Then you just get four pills, one for each week. Tiny things really. Got to remember to get a repeat prescription every month. Got to remember to take them the same day each week. Are people better at once a day, once a week, once a month or once a year medication? One study I read said the yearly injection could be helpful for compliance but the problem was then that it was the doctors that would have to remember and would that work?

So I take the pills. Hope I don’t get the side effects. Can’t find any charts which show the interval after beginning the drug when the different side effects would be likely to occur if they did. I chose a day for the first pill when I had nothing else scheduled, just to add safety to the process. If I am fine for the first pill will I continue to be ok? If I make it past the first month will I be ok? The first year? No idea.

So now I’m taking these pills. Hoping I don’t get side effects. Hoping it is helping me reduce the bone loss. How can I tell if it is working? Lots of chronic conditions have drugs to help- pills for blood pressure, for arthritic inflammation etc. With all of those you get a programme of testing to make sure that the levels of medication are having the desire effect and are the right dosage. With the osteoporosis pills you are told it might help and that pretty much seems to be it. If there is a programme of monitoring bone density I don’t know about it. There also seems to be a urine test for bone breakdown products that I encountered in one paper, but it was suggesting that was complicated to administer and I didn’t find out anything else about it. It is normal human behaviour to be more dutiful when observed- just read up on any of the studies on hand washing after using the toilet. There are trial projects that show that having a specialist nurse explain your results and follow up a few weeks later (a few weeks!) increased compliance at this early stage.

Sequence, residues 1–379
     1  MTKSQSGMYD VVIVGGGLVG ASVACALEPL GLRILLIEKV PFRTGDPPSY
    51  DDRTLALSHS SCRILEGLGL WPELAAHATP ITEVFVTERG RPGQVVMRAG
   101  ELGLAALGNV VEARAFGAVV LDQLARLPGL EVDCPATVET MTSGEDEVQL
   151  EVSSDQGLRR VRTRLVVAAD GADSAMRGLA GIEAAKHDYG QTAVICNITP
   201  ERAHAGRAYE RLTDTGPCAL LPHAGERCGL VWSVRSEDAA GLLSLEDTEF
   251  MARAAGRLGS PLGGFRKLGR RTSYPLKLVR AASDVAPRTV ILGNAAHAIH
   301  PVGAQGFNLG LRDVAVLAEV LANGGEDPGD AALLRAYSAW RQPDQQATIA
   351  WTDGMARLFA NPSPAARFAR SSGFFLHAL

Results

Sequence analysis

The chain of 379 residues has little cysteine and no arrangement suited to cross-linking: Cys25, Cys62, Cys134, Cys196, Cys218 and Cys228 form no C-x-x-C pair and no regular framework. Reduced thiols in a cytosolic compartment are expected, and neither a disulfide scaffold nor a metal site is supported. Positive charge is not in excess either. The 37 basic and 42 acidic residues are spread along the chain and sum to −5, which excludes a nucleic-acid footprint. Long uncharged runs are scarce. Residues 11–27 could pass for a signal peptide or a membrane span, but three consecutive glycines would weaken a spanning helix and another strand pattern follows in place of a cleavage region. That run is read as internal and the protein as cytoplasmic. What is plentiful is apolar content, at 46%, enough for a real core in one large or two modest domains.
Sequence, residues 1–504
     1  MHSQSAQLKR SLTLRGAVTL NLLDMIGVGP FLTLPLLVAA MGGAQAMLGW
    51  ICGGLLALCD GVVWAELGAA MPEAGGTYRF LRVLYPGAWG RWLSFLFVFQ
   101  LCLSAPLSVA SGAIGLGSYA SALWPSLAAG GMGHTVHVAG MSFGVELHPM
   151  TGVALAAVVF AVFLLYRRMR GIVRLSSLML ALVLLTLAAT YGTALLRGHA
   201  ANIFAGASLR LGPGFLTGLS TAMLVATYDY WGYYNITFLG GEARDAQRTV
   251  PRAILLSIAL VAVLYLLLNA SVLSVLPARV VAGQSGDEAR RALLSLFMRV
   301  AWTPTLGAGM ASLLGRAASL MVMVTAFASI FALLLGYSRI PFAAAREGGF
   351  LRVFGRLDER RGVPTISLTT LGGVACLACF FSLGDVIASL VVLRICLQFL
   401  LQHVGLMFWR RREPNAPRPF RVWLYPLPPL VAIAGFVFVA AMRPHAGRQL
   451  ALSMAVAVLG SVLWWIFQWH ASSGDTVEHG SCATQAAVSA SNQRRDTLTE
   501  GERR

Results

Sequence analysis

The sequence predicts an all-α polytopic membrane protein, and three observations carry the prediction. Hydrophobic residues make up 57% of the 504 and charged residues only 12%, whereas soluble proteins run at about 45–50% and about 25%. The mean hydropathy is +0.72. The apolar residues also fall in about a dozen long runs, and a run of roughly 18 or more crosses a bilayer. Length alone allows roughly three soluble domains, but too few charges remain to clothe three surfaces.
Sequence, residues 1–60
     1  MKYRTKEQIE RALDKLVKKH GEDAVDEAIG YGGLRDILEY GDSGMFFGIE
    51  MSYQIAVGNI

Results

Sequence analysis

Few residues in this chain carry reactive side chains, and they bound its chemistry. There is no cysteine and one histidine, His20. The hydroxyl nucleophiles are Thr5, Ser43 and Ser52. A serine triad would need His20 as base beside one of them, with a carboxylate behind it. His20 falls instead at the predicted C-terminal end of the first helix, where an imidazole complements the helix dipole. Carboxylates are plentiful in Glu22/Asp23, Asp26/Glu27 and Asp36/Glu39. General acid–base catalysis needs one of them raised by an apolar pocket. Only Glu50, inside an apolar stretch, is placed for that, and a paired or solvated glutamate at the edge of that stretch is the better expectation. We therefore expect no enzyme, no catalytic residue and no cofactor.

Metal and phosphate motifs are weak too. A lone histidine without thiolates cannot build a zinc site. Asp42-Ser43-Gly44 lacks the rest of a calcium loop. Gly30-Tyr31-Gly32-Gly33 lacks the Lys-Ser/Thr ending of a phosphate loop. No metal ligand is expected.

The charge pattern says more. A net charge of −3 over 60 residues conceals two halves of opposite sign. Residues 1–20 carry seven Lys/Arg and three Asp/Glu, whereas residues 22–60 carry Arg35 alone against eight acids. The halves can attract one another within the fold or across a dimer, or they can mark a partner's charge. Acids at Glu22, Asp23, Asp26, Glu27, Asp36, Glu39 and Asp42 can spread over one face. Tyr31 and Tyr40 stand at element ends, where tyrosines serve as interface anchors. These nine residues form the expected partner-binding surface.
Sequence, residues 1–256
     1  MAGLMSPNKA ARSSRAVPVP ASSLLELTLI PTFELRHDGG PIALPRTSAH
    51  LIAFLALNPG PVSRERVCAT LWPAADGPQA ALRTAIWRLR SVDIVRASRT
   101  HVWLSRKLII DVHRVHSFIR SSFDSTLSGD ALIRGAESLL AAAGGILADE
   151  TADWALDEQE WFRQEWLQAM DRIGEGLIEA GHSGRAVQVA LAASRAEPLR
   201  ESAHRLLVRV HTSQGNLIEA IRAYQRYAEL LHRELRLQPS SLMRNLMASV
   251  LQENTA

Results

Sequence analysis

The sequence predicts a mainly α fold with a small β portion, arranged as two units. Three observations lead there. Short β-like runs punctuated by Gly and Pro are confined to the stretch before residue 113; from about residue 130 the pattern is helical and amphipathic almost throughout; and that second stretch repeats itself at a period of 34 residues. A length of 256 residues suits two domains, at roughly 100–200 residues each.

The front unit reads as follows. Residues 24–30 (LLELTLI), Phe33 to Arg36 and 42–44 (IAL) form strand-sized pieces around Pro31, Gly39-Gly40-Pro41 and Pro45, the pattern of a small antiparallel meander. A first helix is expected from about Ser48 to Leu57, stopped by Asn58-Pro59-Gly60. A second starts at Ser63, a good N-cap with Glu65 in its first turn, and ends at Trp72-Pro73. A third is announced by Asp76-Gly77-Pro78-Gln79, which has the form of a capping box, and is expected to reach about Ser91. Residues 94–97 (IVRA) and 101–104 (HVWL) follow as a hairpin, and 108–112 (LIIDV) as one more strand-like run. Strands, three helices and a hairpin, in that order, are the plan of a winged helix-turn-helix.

And the people running the health services fret because compliance with the medication is poor!

Enough for today….wrist has worn out. Curiosity continues.

I have recorded the sources for the studies I have used in writing this blog, but haven’t done official references or any critical analysis of the research papers Please don’t regard this as a scientific report, it is just one curious person trying to figure out a way to manage to get maximum gain and minimum pain.